I bought the ISBNs today, though they’re not really required for an eBook, it ensures that if I ever get any printed copies of it made, I’m covered with the same ISBN number. Or at least that’s what I read on the website that sells them.

Hopefully in a week or two I’ll have the first round of edits back, along with the feedback of my friends.  From there I’ll likely do some story touching up, maybe revamp some of the characters, tweak the plot points or something. I guess it really all depends on how the feedback comes in from my friends.  When I know more, you’ll know more.

As part of my preparations for selling the book once I’m done with all of the other work that’s going into it, there’s a few things that I’ve checked off the list already, including registering with the various websites that’ll sell the book.

As a first time author, I’ve opted to go for the big three: Amazon, iTunes, and Barnes and Noble.

Thankfully, each has a program for authors to sell their own work:

I was accepted into all three programs pretty quickly. iTunes took a day or two to approve me, most likely because all things Apple have a human review process.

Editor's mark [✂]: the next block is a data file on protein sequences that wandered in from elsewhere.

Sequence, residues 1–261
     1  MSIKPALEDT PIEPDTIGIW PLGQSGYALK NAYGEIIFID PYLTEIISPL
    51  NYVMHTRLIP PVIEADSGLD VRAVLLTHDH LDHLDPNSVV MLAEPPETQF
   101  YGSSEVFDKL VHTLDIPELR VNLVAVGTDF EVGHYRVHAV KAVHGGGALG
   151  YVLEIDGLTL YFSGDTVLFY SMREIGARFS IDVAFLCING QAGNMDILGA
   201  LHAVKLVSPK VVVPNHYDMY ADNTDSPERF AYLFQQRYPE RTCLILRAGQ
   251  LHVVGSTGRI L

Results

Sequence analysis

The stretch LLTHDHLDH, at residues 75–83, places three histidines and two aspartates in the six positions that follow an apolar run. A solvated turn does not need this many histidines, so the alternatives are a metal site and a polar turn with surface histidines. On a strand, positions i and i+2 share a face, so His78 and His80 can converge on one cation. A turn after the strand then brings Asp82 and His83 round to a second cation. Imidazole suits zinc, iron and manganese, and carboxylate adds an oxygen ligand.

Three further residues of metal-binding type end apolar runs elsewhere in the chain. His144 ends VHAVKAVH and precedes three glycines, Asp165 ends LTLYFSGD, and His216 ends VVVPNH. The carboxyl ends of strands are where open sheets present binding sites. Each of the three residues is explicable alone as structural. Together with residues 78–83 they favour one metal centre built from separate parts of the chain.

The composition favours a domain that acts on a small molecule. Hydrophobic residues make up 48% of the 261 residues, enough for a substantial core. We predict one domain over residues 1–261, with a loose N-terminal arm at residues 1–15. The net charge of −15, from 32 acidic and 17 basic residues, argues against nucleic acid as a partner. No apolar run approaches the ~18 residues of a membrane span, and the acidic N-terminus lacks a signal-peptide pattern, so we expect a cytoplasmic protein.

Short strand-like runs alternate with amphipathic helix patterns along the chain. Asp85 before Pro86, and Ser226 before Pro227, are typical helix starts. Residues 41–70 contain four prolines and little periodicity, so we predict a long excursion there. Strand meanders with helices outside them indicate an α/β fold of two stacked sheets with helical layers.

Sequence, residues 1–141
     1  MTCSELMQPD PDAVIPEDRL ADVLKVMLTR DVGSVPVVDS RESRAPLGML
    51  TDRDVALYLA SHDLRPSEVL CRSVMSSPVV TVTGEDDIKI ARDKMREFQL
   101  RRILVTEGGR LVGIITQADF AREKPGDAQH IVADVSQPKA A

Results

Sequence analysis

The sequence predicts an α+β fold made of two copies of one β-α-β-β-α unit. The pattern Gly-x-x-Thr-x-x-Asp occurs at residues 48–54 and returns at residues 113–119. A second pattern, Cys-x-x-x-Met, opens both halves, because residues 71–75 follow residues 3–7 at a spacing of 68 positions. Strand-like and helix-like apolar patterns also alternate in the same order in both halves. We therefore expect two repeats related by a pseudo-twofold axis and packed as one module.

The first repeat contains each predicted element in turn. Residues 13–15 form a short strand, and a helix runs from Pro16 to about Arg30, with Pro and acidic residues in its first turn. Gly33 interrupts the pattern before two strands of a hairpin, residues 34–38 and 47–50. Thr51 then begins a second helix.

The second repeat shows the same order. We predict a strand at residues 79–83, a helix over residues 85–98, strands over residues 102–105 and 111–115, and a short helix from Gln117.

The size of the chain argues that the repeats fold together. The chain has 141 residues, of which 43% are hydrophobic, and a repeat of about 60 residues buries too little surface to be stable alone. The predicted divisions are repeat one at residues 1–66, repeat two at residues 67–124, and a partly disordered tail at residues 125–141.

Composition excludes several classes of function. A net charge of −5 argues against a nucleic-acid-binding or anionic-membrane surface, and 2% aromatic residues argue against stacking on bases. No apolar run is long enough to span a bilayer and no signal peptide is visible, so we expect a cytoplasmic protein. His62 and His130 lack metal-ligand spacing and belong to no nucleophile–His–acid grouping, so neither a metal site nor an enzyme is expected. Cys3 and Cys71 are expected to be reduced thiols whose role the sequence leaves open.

I also have it on my to-do list this week to register with the Copyright Office, and to buy an ISBN from My Identifiers.  An ISBN is essentially a unique number that’ll identify my book across all mediums, including the library of congress.

There’s some debate whether or not an ISBN is required for a book that’s only published digitally, but I don’t want to take any chances.

As the week progresses, I’ll check these tasks off my list, and keep reading through the first draft making changes where I see fit.

My goal is to have my first round of edits done by the end of next week, and have at least one or two other people read it.  If they say it’s terrible, I’ll hit the drawing board to see what I can do to make it less terrible.  Hopefully that won’t be the case, but as I said this is an extremely personal thing to share with others for the first time, so I’m nervous and second guessing myself the whole way.